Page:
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News » UK » Consultation starts on £300m Whitehaven regeneration plans » published 20 Apr 2018

Consultation starts on £300m Whitehaven regeneration plans

Cumbrian property company BEC is seeking local support for a £300m regeneration of Whitehaven’s North Shore.

Artist's impression of the North Shore development Above: Artist's impression of the North Shore development

The scheme is being developed with partners including Whitehaven Harbour Commissioners and Copeland Borough Council. The £55m first phase includes a hotel, a multi-storey car park and a five-storey 75,000 sq ft office development on the site of the town’s Mark House.

A development on the old bus station site will see a new hub with flexible office and meeting space that supports start-up businesses. This £4.1m scheme, called the Buzz Station, is being funded by the Nuclear Decommissioning Authority (NDA). It is part of Sellafield’s Transformation Programme, which seeks to leverage public and private sector investment to help grow the West Cumbrian economy.

Celia MacKenzie, chief executive of Whitehaven Harbour Commissioners, said: “The Whitehaven Harbour Commissioners have always desired quality development around the ‘jewel in the crown’ of Whitehaven – their listed Georgian Harbour.  They are fully behind exciting, innovative proposals of the partnership that will be of benefit to the community and visitors to Whitehaven.”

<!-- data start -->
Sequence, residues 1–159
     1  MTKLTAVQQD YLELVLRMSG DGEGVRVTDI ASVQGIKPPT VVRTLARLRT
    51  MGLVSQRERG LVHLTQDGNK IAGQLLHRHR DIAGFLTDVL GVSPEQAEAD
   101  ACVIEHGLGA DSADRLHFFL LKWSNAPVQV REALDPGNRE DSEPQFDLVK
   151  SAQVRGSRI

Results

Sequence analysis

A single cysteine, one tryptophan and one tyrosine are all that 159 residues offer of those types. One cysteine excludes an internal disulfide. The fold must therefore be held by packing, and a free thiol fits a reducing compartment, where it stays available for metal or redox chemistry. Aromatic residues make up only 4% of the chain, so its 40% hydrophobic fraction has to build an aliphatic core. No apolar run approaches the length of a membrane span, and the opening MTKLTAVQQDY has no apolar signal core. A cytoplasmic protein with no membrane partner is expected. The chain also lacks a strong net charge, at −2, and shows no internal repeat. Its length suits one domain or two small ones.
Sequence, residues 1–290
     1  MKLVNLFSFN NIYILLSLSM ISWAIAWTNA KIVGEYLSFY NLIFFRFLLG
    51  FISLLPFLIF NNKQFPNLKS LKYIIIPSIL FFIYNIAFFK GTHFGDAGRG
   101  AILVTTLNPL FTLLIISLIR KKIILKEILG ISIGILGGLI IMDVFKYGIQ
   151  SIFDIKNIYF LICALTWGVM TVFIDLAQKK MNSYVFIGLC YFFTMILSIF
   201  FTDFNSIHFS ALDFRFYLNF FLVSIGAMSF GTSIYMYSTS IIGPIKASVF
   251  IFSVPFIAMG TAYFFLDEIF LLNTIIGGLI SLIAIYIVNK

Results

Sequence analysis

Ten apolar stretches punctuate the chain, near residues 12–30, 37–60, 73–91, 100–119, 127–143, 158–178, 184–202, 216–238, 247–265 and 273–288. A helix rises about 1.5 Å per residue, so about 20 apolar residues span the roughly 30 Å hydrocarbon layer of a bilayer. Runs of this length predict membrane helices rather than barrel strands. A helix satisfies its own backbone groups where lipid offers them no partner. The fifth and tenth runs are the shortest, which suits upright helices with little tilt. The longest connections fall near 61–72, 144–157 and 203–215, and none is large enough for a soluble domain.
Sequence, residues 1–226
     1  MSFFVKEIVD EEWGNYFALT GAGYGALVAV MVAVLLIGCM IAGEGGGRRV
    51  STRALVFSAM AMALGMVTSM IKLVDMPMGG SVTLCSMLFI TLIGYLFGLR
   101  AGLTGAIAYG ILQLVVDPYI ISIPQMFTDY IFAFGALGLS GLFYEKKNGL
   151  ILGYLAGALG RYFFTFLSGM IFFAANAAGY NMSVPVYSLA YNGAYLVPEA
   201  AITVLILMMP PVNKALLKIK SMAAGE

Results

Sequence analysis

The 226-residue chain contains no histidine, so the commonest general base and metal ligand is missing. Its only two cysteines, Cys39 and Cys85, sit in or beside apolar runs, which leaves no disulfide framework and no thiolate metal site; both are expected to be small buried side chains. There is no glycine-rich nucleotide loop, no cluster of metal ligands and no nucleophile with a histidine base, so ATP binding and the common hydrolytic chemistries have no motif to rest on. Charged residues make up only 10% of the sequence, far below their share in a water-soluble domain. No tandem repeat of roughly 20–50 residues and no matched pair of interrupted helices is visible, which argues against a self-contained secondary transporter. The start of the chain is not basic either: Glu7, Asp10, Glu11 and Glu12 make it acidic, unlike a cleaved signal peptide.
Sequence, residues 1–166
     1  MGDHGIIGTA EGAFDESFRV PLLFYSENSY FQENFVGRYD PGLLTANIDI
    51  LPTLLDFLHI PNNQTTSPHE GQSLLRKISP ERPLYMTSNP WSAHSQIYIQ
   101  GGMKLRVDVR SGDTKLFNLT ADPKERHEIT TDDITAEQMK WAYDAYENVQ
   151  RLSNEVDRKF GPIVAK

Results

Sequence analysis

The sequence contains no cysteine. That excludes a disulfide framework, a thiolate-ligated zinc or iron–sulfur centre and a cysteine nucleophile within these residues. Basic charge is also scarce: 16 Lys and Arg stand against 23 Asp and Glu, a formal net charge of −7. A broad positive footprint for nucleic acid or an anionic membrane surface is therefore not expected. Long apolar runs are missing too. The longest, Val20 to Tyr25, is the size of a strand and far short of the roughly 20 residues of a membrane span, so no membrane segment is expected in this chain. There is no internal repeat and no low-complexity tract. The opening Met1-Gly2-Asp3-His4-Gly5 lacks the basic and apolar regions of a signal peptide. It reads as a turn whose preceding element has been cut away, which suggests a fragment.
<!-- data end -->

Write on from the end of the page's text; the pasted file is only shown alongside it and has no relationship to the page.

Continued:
Copeland mayor Mike Starkie said: “I believe the plans for the North Shore area of Whitehaven will be transformational for the town. They tick every box. The high-quality hotel ties in with our ambitions to increase tourism and give people working in and around Whitehaven another option to stay in town, rather than staying elsewhere and travelling in.

“The office development will attract employment and business to the area, in addition to increased footfall courtesy of the recreational use on the ground floor, while the multi-storey will help solve long-standing parking issues in the town. For many years, Mark House stood derelict and represented an area’s decline. But I believe its demolition and the exciting new plans that we now see coming forward truly signify our town’s renaissance.

“The impact of the regeneration of the North Shore area will be felt far and wide and we look forward to continuing to work with our partners to help these exciting plans come to fruition.”




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This article was published on 20 Apr 2018 (last updated on 20 Apr 2018).

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